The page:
ELDER MUSIC: ...and Poor
A TGB READER STORY: Memory of a Summer Day

Random Thoughts on Daily Life While Old

WILD FIRE UPDATE: Fires continued over the weekend producing in my neck of the woods the worst air quality in the entire world, they said. Even healthy people – those without such lung disease as I have and who are young – were cautioned to remain indoors on Saturday and on Sunday.

None of the fires in my area have been contained but there is no imminent danger to my town. In fact, as I was writing this on Sunday afternoon, I received a fire alert that my town has been dropped from the Level 1 evacuation order to Level zero or normal.

Just in case, my bag is still packed and ready to go. The weather people say we may have rain tonight or tomorrow or the next day. If so, that should help the fire fighters.

* * *

Today's post is a few short takes on some thoughts and ideas I would like to develop further but haven't mustered the concentration to do so yet. Or, more likely, am just too lazy to get the work done right now.

Since the summer of Black Lives Matter demonstrations, there has been a lot of talk in public conversation and in polls about diversity indicating support for including more people of color, ethnicity and gender.

That is a good thing but I wonder why diversity discussions don't include old people.

Being in hospice is a pretty clear indication that my life is on the wane. Nevertheless, I have spent little if any time casting a backward glance over the life I have lived.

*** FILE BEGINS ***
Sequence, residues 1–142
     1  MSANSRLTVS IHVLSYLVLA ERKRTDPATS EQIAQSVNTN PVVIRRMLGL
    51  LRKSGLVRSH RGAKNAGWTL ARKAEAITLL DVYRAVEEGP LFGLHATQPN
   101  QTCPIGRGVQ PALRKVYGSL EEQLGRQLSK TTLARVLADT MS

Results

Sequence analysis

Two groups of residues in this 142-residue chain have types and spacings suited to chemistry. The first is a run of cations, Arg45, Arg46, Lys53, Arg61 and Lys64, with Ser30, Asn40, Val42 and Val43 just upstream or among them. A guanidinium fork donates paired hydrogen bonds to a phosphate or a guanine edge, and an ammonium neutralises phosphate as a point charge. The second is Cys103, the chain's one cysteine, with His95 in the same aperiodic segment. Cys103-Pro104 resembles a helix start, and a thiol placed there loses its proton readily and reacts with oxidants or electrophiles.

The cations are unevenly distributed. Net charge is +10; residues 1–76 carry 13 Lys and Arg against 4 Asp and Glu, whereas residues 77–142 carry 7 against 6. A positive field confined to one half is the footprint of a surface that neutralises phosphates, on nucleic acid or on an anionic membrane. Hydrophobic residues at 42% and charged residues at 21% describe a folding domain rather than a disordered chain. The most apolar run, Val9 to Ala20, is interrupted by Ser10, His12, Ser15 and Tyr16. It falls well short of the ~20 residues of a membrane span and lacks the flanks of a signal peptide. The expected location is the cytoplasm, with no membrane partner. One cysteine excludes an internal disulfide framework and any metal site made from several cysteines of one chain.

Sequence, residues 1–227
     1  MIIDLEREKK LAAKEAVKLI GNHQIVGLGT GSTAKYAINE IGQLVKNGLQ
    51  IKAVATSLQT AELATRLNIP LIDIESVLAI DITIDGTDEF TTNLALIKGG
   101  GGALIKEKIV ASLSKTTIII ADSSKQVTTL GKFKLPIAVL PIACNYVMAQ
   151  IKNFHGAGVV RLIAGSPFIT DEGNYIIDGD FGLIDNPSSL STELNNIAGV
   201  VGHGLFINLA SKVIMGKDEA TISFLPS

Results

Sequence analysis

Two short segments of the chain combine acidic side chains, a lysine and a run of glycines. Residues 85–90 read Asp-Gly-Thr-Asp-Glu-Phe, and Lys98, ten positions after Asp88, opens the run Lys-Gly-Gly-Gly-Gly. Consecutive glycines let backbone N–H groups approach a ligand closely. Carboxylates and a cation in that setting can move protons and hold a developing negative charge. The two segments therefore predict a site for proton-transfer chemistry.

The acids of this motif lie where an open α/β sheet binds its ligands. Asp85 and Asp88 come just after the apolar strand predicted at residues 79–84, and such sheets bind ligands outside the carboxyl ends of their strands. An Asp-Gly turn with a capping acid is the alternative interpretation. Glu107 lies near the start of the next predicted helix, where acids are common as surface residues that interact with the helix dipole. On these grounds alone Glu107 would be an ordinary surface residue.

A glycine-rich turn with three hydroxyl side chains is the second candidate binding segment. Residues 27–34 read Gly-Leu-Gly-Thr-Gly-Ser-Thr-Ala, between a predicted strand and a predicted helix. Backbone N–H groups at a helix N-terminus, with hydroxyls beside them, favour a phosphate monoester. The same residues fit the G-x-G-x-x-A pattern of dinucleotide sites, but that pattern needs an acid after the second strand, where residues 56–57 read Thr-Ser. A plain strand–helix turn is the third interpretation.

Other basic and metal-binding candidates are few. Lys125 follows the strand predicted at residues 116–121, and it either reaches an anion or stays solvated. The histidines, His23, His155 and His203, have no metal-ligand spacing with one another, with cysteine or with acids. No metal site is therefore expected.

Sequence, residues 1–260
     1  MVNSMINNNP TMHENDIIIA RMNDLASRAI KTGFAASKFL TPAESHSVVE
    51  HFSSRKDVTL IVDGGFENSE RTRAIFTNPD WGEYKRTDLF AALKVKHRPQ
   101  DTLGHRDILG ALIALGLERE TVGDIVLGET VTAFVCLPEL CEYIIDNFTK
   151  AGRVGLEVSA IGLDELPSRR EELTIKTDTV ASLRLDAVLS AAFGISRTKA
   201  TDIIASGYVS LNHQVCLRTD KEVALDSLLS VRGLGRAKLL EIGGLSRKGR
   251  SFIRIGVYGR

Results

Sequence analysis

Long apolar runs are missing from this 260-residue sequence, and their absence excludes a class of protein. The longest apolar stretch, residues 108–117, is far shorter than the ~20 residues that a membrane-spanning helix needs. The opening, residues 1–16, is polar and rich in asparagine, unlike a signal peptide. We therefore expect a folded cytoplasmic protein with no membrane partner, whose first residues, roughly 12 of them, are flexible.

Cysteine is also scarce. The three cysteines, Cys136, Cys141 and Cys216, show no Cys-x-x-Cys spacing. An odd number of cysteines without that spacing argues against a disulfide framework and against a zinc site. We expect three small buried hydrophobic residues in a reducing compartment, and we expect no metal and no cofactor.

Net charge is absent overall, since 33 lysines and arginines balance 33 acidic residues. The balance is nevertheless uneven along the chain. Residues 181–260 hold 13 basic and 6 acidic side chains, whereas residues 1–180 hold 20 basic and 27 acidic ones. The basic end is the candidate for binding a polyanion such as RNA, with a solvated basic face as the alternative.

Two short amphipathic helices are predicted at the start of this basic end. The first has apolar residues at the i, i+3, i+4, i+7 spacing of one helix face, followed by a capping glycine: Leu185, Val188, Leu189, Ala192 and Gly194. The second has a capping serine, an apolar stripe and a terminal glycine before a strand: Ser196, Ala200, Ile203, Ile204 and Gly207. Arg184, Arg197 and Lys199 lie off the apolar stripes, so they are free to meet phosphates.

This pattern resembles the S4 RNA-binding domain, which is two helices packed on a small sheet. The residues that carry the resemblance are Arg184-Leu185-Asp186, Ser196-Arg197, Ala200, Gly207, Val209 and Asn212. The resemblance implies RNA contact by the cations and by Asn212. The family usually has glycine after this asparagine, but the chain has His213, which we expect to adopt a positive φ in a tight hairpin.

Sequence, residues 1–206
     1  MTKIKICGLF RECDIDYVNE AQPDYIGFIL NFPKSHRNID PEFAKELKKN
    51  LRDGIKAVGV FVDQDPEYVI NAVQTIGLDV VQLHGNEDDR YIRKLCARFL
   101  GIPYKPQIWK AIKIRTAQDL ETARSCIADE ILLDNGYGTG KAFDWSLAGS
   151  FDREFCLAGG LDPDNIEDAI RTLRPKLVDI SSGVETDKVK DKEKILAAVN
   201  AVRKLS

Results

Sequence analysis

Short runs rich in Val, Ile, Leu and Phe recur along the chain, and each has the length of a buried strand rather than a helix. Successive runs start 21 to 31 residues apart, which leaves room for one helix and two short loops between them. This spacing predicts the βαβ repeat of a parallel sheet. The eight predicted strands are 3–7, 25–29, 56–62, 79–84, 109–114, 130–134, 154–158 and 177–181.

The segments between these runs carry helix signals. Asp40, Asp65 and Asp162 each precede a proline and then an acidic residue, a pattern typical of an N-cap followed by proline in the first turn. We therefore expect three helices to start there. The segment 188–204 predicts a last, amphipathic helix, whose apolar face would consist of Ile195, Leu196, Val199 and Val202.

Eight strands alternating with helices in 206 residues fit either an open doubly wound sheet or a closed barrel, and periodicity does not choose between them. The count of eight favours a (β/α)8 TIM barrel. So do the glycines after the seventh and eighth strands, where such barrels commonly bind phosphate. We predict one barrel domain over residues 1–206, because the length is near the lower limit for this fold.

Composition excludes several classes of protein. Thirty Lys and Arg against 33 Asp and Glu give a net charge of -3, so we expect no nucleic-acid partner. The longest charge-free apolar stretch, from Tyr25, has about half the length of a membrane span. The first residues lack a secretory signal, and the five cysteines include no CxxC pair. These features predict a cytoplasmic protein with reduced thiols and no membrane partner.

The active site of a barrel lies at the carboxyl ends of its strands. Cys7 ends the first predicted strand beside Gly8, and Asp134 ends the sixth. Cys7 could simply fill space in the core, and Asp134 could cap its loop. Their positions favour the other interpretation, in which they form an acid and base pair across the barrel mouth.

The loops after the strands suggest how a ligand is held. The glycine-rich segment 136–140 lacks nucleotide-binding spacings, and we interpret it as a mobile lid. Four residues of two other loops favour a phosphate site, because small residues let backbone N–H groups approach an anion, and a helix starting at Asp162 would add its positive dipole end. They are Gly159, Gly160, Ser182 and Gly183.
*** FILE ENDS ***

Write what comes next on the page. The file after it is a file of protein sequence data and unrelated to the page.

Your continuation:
Certain episodes come up but they don't linger and when I have tried now and then to find a thread runs through my years, nothing comes to mind. Even so, in general I feel that I have had a good life. Perhaps it is that I have lived as singer Elton John once said he had:

“If you let things happen, that's a magical life.”

That's how it has worked for me. I never had a plan, I just followed my nose from one day to the next, one month and one year to the next. What about you?

If you have a serious disease or two, as I do, daily life gets reduced to its essentials: rest, meals, medications with remaining time devoted to one's individual kinds of pleasures of old age.

I've made a schedule for myself. Medications at certain times of the day, cooking and cleaning up at other, mostly specific times, resting for awhile two or three times a day, moving slowly due to breathing difficulties for such chores at getting the mail, taking out the trash, doing the laundry.